The day stretched on. He rested twice and stopped beside a small river in the late afternoon under a small grove. The fruit was out of season, to his disappointment, but he could see the promise of small patters of color in the grove across the bank. Good. He decided to cross, anticipating the sweet fruit. Where there were trees, there would be water and where there was water, surely there would be life. If anyone or anything had survived, they would be within a half-day’s journey. The river was not powerful, which made his crossing easier, but the fruit was not abundantly ripe once he had crossed. He stripped and laid each piece of his garb beside one another beside the water’s bank to dry, then grazed sparingly. The fruit offered a tart reprieve as he closed his eyes and slept in the shade of the grove. Dimly, exhasutedly, he reached as far out as he could, filtering the recognizable chirps and squawks of animals, the familiar sound of the river’s movement and the crackle of branches. This was an auspicious beginning, out of the nothing. There was reason to hope after all. The castle would not be far. He felt life all around, but could not locate anything specific. It was as though there was a dome around him. He must be more exhausted than he recognized. 

When he woke, he dressed and filled his canteen and bathe in the afternoon sun, then unfolded the map and marked himself on the far side of the river. He must have been closer than he thought this morning, the war having changed the topography and landmarks. Finally, finally, he was leaving the ruin of the last several days – six? Had it been more? – behind him. Putting the guide away, he began following the stream upwards toward the source. There would be a missing mountain, he was told. Having counted the peaks from the map, he once more grabbed his satchel and began walking toward the valley that didn’t appear on the chart, by rights which shouldn’t even be there.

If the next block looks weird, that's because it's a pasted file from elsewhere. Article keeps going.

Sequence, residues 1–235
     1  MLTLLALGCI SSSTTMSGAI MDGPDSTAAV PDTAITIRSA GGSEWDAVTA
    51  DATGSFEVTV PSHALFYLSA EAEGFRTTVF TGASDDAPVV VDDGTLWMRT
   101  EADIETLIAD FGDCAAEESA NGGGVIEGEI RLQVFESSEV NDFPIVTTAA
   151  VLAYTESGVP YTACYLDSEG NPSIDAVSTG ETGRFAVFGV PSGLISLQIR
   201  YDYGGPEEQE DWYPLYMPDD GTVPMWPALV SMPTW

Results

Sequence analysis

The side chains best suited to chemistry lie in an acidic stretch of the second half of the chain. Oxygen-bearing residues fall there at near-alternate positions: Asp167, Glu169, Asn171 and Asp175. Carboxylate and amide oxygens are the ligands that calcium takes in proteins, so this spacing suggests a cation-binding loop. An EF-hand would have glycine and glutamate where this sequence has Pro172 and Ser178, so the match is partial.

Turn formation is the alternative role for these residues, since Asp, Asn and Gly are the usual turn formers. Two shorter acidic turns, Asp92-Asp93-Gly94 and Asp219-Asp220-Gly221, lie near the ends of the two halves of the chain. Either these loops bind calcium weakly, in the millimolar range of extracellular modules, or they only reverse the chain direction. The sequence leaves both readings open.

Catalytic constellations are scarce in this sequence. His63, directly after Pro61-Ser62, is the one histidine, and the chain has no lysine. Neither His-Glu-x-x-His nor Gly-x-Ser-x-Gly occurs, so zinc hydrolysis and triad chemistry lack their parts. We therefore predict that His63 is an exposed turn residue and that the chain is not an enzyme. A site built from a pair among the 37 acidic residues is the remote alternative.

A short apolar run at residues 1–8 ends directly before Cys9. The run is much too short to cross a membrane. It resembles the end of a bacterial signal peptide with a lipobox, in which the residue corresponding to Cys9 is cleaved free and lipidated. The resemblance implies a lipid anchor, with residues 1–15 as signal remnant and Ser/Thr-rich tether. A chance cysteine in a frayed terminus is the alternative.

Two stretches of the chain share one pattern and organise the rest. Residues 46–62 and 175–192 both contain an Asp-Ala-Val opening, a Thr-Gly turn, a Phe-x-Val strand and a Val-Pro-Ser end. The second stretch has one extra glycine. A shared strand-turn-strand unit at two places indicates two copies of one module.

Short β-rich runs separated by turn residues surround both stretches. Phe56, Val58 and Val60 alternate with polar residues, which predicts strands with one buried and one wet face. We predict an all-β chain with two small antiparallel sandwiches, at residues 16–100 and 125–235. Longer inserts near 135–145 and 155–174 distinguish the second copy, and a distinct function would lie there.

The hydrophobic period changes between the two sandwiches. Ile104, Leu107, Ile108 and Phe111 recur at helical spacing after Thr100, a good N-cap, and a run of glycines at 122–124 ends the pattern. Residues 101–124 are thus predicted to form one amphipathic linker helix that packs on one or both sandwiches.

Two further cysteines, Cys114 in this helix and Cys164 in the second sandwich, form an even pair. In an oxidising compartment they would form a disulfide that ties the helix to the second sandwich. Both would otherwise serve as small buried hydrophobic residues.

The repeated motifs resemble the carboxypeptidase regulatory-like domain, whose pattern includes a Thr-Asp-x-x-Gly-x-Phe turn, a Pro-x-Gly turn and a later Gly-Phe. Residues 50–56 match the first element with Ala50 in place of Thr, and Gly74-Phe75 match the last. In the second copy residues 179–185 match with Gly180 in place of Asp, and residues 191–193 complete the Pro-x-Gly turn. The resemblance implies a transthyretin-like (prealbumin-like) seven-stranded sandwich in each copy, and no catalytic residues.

The nap had been generous, allowing him to regain his strength.  He had almost reached where he was going and it was possible, he assumed, to reach the castle by nightfall if he wanted. His quarry would sense him afar off, he knew. He did not want there to be any sense of threat and, though the castle was still afar off, perhaps he would be there by night. Waking, he relieved himself and fished in the cool shade of the day. It was somewhat surprising that there was not a nearby settlement to take advantage of the river’s waters. There was no hurry now. Stronger and rested, he felt himself being watched through all of this. Focusing, he could almost see the Count as though through a curtain. So here it is, he thought, we finally begin. He sensed the spectre the way one could sense a voyeur observing even in the quiet of solitude on an inky night. It wasn’t what you saw but what you felt intuitively. Ryland wondered, amused, how long the Count had been observing without him noticing and whether his grace had looked away when he had begun removing his clothes. The man was a legendary diplomat who had hidden himself away and, if the legends were true, was able to hide an entire palace. But then Ryland knew that already. He knew the Count was powerful, perhaps so powerful that this entire effort had been for nothing. The Count was his superior in every way, he knew, he could be certain. The Count had stayed out of the way because his power had been too great, too powerful and wonderful, to advantage either side the war. His head began to swim with intimidation. The Count’s benevolence was a gift to all. When Ryland bowed before the Count, he must apologize for disturbing him and beg forgiveness.